Asimov’s Robot Cannot Hold a Patent


Can I-Robot Hold a Patent?

An obscure but telling sign of when the robots will have taken over will be in evidence when they’re allowed to be named as inventors on patent applications.  But that day—when “I, Robot”-like artificial intelligence is thusly recognized as rivaling that of humans—hasn’t come about yet, at least not here in these United States.  So Sonny – the good robot in the movie I, Robot” – cannot hold a patent, at least not yet!

That came as a disappointment to Stephen Thaler, creator of the DABUS (Device for the Autonomous Bootstrapping of Unified Sentience) AI system, who had filed two patent applications with the U.S. Patent and Trademark Office listing only DABUS as the inventor. 

Thaler claimed he contributed nada to either invention and that DABUS should thus receive the patent, but his argument has failed to impress anyone from the USPTO on up to the Federal Circuit court that ruled on August 6 that the federal Patent Act requires that an application list a “natural person” as the inventor.

USPTO asserted in its initial response that “a machine does not qualify as an inventor” and did not budge when Thaler asked the office to reconsider.  The Eastern District of Virginia turned down his appeal, stating that an inventor must be an “individual,” defined as a human being.  (see: for the full opinion.)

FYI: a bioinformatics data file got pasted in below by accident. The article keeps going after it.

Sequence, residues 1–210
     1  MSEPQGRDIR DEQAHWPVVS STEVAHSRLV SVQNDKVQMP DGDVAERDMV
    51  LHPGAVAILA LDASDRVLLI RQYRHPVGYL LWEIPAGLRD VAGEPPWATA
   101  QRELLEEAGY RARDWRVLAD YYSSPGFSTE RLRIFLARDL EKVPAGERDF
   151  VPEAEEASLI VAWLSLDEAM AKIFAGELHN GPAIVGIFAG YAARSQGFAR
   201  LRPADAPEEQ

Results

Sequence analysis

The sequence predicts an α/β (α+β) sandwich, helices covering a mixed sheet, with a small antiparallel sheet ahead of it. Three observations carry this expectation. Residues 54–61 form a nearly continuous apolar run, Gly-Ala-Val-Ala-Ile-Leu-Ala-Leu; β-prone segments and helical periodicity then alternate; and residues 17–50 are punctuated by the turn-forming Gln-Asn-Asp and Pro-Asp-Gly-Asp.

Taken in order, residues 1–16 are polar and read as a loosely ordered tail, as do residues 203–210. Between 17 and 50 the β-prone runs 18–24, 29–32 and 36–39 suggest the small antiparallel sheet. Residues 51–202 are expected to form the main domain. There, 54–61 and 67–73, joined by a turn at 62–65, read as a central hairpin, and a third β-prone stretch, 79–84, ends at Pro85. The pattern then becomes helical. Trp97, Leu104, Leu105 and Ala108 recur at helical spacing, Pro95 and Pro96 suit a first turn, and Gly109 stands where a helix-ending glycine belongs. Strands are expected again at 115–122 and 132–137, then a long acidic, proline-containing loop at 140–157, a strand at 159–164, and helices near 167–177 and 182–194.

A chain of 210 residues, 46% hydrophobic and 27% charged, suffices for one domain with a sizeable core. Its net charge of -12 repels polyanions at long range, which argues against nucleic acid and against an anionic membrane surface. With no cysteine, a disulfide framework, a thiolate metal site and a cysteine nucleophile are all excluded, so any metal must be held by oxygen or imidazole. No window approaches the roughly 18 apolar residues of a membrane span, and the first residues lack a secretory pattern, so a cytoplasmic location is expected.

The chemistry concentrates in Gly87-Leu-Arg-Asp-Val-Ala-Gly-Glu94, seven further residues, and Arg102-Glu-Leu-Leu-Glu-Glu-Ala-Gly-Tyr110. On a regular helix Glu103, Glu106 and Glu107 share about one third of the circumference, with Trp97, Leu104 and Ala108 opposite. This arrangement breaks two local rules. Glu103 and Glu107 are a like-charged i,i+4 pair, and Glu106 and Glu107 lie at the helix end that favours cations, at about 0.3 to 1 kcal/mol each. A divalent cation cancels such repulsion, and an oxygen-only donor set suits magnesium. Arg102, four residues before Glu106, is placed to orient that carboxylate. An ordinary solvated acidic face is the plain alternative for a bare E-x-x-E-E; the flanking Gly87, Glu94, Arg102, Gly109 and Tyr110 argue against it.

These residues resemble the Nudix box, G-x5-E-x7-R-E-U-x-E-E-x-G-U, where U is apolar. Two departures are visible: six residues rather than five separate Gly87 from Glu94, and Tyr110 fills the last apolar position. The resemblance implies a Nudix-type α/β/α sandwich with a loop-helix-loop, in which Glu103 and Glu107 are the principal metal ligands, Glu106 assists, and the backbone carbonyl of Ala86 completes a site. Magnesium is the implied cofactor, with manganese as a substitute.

In reaffirming those rules, the Federal Circuit cited Section 100(f) of the Patent Act, which references “the individual … who invented or discovered the subject matter of the invention,” and further relied on U.S. Supreme Court language (in a different statutory context) that interpreted “individual” as meaning “a human being, a person,” unless there is evidence Congress clearly intended it to be defined differently for purposes of a given law.

The Federal Circuit also referenced Section 115(b)(2) of the Patent act, which mandates that an inventor take an oath testifying that they “believe himself or herself to be the original inventor,” reasoning that such gendered pronouns could not apply to I, Robot and its ilk—and further noting that Thaler, not DABUS, submitted the application.   In addition, the Federal Circuit noted precedent showing “that neither corporations nor sovereigns can be inventors” was rejected as not applying to the context of the case an argument Thaler put forth related to constitutional avoidance; it was rejected as “speculative and lack[ing] basis his policy-related argument” that awarding patents to AI would “encourage innovation and public disclosure.”

The decision pointedly did not rule out listing AI as a co-inventor along with humans, leaving open the possibility of patent protection for “inventions made by human beings with the assistance of AI.”  So it’s possible that Asimov’s robot Sonny could get some credit in the future.  The decision in Thaler v. Vidal also could lead to more inventorship challenges that seek discovery on whether AI was used in the invention process in such a way that it crossed the line from being simply a contributor, or tool, to serving as the actual inventor.

For now, though, those who want to list an AI as the sole inventor of a creation might want to try their luck in South Africa, which is the only country on the globe to allow AI to be named as inventors.   Their legislature may be packed with fans of Isaac Asimovs “I, Robot.”